Thanks for including us in your post!
      Genevieve Coates
      Community Analyst – Radian6

  • drdianehamilton 3:27 pm on August 15, 2010 Permalink | Reply
    Tags: Adolf Hitler, Andy Kaufman, Bill Cosby Alive, Bill Cosby Dead, Dead or Alive, Elvis Presley, , Is Ken Lay Alive, Jim Morrison, Ken Lay, Michael Jackson, Premature Obituaries, Tupac   

    Rumors of Famous People Being Alive or Dead: Is Ken Lay Still Alive? 

    I teach a lot of ethics courses where we talk about Enron and Ken Lay.  A student recently posted a link in class which I found to be interesting.  If you click on that link, there is a whole website dedicated to those who claim Ken Lay is actually alive. 

    There are always rumors about people who have died still being alive.  Here is a list of some of those people:


    Andy Kaufman

    Elvis Presley

    Jim Morrison

    Adolf Hitler

    Michael Jackson

    Last week there was a rumor going around that Bill Cosby died.  He is actually very much alive and well.  For a list of premature obituaries, click here.

    • maximuminheritance 9:26 pm on September 14, 2010 Permalink | Reply

      It strikes me as a conincidence – stependously wealthy man; interminable prison sentence; sudden death. Look at all the prison food he missed. While I never beleived Hitler in his poor state of health could have survived for long, even if he hadn’t killed himself at the close of WWII, just think of all those nazis who made it to South America. I’m no conspiracy theorist, but…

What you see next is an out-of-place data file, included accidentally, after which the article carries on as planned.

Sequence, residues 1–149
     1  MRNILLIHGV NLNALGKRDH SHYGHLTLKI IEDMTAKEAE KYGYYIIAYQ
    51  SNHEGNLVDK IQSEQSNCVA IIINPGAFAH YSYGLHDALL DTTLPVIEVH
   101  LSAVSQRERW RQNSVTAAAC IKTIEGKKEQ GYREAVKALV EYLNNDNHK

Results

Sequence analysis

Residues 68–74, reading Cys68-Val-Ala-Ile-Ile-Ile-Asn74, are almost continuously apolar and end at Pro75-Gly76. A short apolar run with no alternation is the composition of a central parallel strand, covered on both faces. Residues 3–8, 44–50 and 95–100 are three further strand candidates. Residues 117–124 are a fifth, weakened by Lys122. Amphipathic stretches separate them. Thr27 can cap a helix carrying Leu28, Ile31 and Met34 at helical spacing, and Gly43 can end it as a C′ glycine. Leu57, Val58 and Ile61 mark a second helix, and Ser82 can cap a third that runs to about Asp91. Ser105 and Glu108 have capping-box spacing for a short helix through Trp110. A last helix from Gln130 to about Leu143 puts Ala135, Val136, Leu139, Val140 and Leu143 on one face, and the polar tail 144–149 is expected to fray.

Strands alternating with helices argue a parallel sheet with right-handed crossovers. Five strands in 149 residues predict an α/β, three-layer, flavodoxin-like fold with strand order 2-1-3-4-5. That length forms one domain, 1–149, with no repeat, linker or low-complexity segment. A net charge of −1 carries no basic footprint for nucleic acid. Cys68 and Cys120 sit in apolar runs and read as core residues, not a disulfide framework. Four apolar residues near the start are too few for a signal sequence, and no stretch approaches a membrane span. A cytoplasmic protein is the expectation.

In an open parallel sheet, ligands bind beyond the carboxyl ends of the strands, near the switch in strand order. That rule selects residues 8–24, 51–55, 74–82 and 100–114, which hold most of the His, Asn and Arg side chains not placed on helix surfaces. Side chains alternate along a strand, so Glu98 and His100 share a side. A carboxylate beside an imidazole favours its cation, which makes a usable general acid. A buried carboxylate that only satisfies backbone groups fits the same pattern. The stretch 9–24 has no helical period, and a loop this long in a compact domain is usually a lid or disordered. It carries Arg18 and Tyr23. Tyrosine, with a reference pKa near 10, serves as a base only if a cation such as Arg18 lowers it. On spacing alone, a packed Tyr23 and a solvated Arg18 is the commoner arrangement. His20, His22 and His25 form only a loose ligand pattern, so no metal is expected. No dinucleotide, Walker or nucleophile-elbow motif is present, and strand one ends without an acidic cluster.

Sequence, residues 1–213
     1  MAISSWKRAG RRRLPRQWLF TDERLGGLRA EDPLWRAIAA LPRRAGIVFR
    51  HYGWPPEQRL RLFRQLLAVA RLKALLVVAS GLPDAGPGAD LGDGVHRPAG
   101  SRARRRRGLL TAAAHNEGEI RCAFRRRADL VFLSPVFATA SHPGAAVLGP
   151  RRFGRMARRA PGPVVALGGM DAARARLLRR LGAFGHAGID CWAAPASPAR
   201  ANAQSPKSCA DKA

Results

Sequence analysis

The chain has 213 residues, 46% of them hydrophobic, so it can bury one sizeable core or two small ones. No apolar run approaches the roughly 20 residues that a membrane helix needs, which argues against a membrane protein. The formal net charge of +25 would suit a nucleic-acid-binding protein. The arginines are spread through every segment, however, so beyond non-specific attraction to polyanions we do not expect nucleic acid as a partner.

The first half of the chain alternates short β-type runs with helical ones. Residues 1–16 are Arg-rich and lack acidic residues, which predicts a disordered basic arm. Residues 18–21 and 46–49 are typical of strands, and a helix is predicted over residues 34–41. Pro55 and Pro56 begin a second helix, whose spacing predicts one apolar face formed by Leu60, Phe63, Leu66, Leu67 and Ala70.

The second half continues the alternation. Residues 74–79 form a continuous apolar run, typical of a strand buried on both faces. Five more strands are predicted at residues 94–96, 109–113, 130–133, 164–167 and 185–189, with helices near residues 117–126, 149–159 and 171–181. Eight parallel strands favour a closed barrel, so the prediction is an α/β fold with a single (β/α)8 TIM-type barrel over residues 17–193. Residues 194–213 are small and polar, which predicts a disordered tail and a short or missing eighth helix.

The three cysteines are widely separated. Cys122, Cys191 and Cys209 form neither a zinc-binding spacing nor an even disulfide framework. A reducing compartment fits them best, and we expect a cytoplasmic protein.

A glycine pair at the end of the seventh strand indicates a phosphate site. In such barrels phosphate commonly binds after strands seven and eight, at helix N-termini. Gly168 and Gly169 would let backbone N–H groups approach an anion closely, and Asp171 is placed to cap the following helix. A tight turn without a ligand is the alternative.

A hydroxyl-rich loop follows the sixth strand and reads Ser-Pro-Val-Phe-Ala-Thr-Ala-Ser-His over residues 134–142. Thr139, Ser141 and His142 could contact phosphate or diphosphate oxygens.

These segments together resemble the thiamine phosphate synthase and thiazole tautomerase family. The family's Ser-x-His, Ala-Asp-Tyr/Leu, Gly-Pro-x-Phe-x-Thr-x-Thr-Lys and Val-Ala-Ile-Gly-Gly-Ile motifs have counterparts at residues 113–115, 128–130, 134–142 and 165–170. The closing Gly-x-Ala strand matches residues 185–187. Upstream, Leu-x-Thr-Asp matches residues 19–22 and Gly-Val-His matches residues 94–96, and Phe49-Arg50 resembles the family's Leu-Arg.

• drdianehamilton 4:43 pm on August 11, 2010 Permalink | Reply
    Tags: Computer Virus, , Trojan, Zeus Trojan   

    New ‘Sophisticated’ Trojan, Which Is Undetectable, Has Emptied Bank Accounts Worldwide 

    Hold onto your hats. A new version of the Zeus trojan, called Zeus3, has wreaked havoc on thousands of bank accounts worldwide, stealing just over $1 million. The best part? There’s pretty much no way to detect the trojan if it’s on your system. Hooray for humanity, right?

    Read the rest of this entry »

  • drdianehamilton 3:11 pm on July 23, 2010 Permalink | Reply
    Tags: business scams, , home based businesses, internet fraud, scambusters, ,